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Template Dimensions

Discussion in 'The eCover Creator' started by Jeri, Aug 20, 2005.

  1. Jeri


    Trophy Points:
    eGreetings All,

    I can up with some additional dimensions to use with the ECC templates.
    I thought some of you might be interested.

    These are the dimensions I used to create my ecovers here:

    It took some trial and error in creating them.

    Note: If you create a cover in a graphics editor and then use them in ECC and it looks too small. This is not necessarily the case. Try making the dimensions smaller.
    I noticed that if the image was too wide, ECC actually shrank the image to make it fit. This gives the false impression that the image is too small when in fact it was too large.

    Hope this helps some of you using a graphics editor to create your images.

    Best Wishes,
    P.S. ECC Rocks! :number:
  2. a¿ex

    a¿ex Staff Member

    Trophy Points:
    Hi Jeri,

    I regret, that you needed trial and error to find that out. I never thought, that people would make the bitmaps outside of TLC and so the following information didn't get documented properly. Anyway, here it goes:

    For every 3-D model there is a .xml file, which holds the info for the texture size and mapping.
    (You can find it in the folder "w3dMedia" in the folder "Resources". It must have the exact same name as the png file for the thumbnail and the w3d file for the 3-D geometrie)

    Textures in hardware rendered 3-D must be of specific sizes in order to render fast. It is boaring and complicated to explain why, but fact is, that the texture sizes must be a power of 2. (--> 2,4,8,16,32,64,128,256,512) The graphics card in the computer determines the max size. Unfortunately openGL on Mac only allows a maximum of 512 pixels (although the graphic card can in most cases handle much more, up to 4096x4096) and so I chose 512 as the least common denominator.

    As the dimensions of the 3-D models do not match these aspect ratios you almost always only see a part of the whole texture on the model.

    In the above mentioned .xml file the visible rect of the texture is specified according to the texture coordinates of the 3-D model, in order to show your entire image. So it is kind of a mask.

    There is a property #texturesize, which specifies the width and the height of the texture (-> power of 2) e.g.

    <textureSize>point(512, 256)</textureSize>
    <!-- should be power of two in both dimension (default =
    point(512,512)) -->

    note how in case of a ratio of less than 2:1 I use 512,256 instead of 512,512, just to save VRAM.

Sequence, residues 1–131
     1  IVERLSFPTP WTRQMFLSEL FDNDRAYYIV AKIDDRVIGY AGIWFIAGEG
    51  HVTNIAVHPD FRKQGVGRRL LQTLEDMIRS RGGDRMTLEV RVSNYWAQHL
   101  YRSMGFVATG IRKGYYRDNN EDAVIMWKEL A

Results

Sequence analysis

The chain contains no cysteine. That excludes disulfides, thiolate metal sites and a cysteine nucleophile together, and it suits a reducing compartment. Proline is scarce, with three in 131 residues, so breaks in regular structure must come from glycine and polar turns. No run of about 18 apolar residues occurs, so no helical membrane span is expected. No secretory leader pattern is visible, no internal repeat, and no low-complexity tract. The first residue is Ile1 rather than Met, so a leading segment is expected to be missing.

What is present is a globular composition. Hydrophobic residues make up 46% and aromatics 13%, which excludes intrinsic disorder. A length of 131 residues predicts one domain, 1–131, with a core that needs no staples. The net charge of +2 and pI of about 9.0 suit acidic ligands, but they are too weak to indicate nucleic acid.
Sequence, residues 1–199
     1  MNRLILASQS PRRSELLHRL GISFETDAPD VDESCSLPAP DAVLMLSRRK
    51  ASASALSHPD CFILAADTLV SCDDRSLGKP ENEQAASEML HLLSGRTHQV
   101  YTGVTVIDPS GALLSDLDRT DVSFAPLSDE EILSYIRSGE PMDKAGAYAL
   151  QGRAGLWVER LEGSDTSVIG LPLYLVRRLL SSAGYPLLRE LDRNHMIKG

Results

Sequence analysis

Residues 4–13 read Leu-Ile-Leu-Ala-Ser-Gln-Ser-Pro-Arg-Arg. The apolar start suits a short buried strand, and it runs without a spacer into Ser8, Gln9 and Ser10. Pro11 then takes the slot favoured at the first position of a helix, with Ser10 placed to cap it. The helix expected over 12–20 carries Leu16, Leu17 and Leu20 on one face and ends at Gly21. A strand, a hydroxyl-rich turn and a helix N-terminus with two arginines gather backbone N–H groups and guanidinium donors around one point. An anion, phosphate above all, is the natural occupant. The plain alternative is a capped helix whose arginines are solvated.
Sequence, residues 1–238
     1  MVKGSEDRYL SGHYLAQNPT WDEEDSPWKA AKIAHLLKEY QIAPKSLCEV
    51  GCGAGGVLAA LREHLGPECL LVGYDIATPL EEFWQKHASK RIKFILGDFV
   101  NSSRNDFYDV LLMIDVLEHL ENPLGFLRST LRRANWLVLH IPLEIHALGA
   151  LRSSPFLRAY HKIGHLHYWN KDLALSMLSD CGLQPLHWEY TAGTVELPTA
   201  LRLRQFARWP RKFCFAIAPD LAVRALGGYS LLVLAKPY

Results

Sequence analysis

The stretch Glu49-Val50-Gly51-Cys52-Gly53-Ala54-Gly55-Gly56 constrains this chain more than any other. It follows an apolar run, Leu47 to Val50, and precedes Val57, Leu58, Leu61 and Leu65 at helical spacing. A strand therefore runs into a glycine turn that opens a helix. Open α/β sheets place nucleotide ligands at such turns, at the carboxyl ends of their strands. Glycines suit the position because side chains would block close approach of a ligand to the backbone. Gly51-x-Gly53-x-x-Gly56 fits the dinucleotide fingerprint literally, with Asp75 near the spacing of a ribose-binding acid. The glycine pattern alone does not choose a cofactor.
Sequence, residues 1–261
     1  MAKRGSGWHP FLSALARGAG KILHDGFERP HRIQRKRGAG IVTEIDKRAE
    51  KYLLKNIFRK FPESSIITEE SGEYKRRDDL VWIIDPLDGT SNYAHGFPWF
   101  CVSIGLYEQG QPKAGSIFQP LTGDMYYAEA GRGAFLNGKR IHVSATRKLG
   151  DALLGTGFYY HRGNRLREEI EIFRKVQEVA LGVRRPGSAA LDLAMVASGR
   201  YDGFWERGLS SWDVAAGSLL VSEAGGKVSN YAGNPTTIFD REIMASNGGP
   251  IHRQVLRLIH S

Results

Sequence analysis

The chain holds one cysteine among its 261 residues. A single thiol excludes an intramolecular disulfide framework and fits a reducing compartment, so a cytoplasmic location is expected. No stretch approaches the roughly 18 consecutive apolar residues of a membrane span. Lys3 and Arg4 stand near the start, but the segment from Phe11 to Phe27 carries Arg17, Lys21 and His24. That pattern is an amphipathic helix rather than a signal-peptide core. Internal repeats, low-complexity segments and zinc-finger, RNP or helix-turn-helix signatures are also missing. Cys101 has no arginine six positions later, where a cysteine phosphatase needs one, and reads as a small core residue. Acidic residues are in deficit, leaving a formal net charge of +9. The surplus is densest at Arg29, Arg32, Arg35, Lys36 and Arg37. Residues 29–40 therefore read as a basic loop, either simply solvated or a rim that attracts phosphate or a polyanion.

(or 256,512 in case of 1:2)

    The smaller the size the less VRAM you need, but the poorer the quality, whne zooming in.

    Further there is the rect of the texture which is visible on this specific model:

    <targetRect>rect(10, 10, 200, 200)</targetRect>

    you can see it as kind of a mask: make a 512,512 bitmap and draw into the rect which starts from 10 from left, 10 from top to 200 from left to 200 from top.

    so in this case you the bitmap which would excatly fit would need to be 190 by 190 pixels. (200-10, 200-10)

    it only needs to be of the exact ASPECT RATIO, as the app scales the bitmap you pass to the it according to the property #mapmode (which can be specified in the same xml file). Sure enough, if you pass a bitmap which is smaller (e.g. 140 by 140) it will get scaled up, which results in a quality loss (scaling up an image always means a quality loss). While scaling down doesn't degrade the quality, it is wasted disk space as you will only see the scaled down version in 3-D ;-)

    so the best is to provide it in the correct size, if you want to fill the complete space.

    Now, what happens, if the bitmap you provide is NOT of the correct ratio ?
    In our above example for example 150x250.

    there are four ways to deal with that:

    - distort the image, ifgnoring the aspect ratio,

    - fit the bitmap into the available space, by taking the biggest possible dimension of both, in the above case that would be 114x190 (-> 150*(190/250)).

    - fit width -> 190x317 (-> 250*(190/150))

    or fit height -> the same result as "fit into" in this case: 114x190

    <!-- possible values are: #scaleToFit (-> distort image), #fitInto,
    #fitwidth or #fitheight -->

    if you use a mapmode of #fitinto there will be a visible 'background' (in some case this happens with #fitwidth, #fitheight too.)

    you can specify this the background color too.
    Available options are:
    the color of the topleft pixel of your bitmap, the color of the topright pixel, bottomleft and bottomright pixel OR you can specify a color as a hex value.

    <!-- possible values are either a color as hexstring or #topleft
    (->color topleft pixel), #topright, #bottomleft or #bottomright -->

  3. Jeri


    Trophy Points:
    Hi Alex,

    Thank you for your reply. :WOW1:

    But I guess your discussion is just way over my head.

    And your point is.....?

    (Sorry, I am such a dummie. I need layman's terms.) :help2a:

  4. a¿ex

    a¿ex Staff Member

    Trophy Points:
    Sorry I didn't mean to overwhelm you or turn you down.
    But maybe you can read it up about it some day, if you're looking for more infos.

    No specific point, I thought some of the info may be of interest or help to you and others.
    I read about your findings about the texture sizes by 'try and error' and so I wanted to explain some of the 'inner workings' to save you or any other user, reading this forum, more 'try and error'.

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